Updated on March 31, 2017
13. ‘Galaxy Magazine’ – May 1970
Prepare yourself for the most hipster sentence I’ve ever written.
I picked up the May 1970 edition of science-fiction magazine Galaxy at a secondhand book fair on London‘s Southbank. (Phew, we got through it together.) I was drawn to it first because I’m on a massive sci-fi kick at the moment, second because the title on the spine is ‘The Best in Pertinent Science Fiction’ (‘pertinent’!), and third because I flicked through it and found a story that began, “Teacher told my parent that I am the slowest youngster in my class, but today I made a star in the third quadrant of kindergarten.” I mean, come on.
Galaxy was a science-fiction magazine that ran from 1950 to 1980, and it published such illustrious sci-fi giants as Isaac Asimov, Ray Bradbury and Robert A. Heinlein. In fact, it was in this magazine that Ray Bradbury published ‘The Fireman’, which later became his iconic novel Fahrenheit 451. A quick look at the magazine on Wikipedia tells me that my edition, from May 1970, was published during Eljer Jakobsson’s reign as editor, and saw a “decline in quality” from its earlier years. Fortunately, I’ve also found a website that offers every edition of the magazine online for free, so if I ever fancy reading Galaxy in its golden years (and I’m sure I will) then they’re all right there!
I found this edition to be something of a mixed bag. At first, I loved it. I read ‘Kindergarten’ first (the story I quoted above), and I thought it was brilliant. It’s a pretty short story, divided into seven days, over the course of which the slowest child in the class creates a galaxy, a solar system, a planet… and us. I also loved ‘Allison, Carmichael and Tattersall’ by Stephen Tall and ‘Discover a Latent Moses’ by Michael G. Coney (that title alone vying for first place as Most Hipster Sentence Ever Written). The former story is about scientists discovering life in empty space, and the latter is about a post-apocalyptic world, buried in snow, in which small groups of survivors must burrow through ice tunnels and sail around on snow boats to find food, all while avoiding vicious ‘flesh hunters’. I thought the ending to ‘Discover a Latent Moses’ was just brilliantly moving.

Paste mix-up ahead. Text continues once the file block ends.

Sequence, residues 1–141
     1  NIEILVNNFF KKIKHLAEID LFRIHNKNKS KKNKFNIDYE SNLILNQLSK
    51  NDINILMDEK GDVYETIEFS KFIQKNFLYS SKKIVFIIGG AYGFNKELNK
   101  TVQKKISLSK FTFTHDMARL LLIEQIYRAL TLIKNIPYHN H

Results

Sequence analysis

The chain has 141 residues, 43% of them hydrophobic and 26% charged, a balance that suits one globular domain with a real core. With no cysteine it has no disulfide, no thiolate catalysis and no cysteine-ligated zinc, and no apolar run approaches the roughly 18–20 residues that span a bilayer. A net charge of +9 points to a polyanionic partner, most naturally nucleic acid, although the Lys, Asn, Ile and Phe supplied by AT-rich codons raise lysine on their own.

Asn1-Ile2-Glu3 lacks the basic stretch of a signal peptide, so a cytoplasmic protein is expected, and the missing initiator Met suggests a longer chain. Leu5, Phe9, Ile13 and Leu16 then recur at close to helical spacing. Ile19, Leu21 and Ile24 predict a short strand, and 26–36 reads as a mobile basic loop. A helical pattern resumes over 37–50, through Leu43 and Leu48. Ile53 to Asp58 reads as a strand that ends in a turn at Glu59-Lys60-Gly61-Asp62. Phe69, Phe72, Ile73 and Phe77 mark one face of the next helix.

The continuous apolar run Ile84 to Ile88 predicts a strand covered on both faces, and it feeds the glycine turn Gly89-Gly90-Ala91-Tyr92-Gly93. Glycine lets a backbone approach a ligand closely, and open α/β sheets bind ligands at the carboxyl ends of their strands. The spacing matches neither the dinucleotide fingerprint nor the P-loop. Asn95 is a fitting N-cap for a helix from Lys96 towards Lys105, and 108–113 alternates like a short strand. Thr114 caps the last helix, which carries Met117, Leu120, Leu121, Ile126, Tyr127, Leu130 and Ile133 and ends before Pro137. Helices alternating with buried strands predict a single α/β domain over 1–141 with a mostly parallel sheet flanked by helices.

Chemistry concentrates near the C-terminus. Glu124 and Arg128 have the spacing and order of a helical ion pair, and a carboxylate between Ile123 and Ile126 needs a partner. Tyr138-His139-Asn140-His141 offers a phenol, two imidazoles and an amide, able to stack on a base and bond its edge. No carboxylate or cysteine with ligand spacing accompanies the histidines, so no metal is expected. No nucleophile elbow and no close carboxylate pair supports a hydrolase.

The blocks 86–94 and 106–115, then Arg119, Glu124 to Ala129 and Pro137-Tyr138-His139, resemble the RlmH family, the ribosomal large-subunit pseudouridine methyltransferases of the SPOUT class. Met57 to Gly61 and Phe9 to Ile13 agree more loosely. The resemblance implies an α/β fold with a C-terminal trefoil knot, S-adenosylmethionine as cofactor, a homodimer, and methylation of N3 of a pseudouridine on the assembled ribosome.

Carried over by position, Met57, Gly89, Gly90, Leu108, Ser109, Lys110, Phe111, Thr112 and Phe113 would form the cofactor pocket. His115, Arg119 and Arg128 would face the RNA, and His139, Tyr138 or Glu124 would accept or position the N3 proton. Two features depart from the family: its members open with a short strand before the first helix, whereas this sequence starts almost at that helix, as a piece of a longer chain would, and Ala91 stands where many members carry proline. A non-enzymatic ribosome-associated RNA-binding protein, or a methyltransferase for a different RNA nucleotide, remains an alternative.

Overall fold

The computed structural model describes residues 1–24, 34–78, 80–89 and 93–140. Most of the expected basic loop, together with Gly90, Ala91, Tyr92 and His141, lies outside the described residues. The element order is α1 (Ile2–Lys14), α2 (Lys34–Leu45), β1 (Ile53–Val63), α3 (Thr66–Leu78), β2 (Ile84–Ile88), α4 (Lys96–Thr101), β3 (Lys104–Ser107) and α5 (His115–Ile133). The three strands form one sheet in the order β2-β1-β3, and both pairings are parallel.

The majority of this magazine is dedicated to the first instalment of a serial, Robert Silverberg’s ‘Tower of Glass’, about a world in which ‘androids’ (ie. synthetic humans) work for and worship humans, and where one man is attempting to build a fantastically tall tower to communicate with alien races. I read the whole of the first instalment, but I didn’t love it and so I won’t be seeking out the rest.
It was in the last couple of articles that the magazine lost me, and really showed its age. First, there was a cartoon – one instalment of many, so I had no idea what was going on – which featured a phallic spaceship and a naked woman who just seemed to be there to be felt up. Second, there was a book review about a story featuring (in a minor way) a public rape, about which the reviewer said it “worked out all right” because the rapist married his victim. And finally, the last story went completely over my head, but it did seem to be advocating sending a physically mutated person with a low IQ to live on a planet with animals rather than be accepted by his fellow humans. Hmm.
All in all, I think this is a great magazine and I’m really inspired to read more. It mixes short stories with longer serials, poetry and book reviews, all within a genre which I’m growing to love more and more. Some of the stories do come across as quite dated in their attitudes, but I definitely think it’s worth sifting through them to find the gems.
“He felt that mankind’s continued sanity depended on awakening from this dream of uniqueness, for the dream was sure to end.” – The Tower of Glass, Robert Silverberg
Have you read this magazine? I’d love to know your thoughts!
Want to read it? You can read every issue here.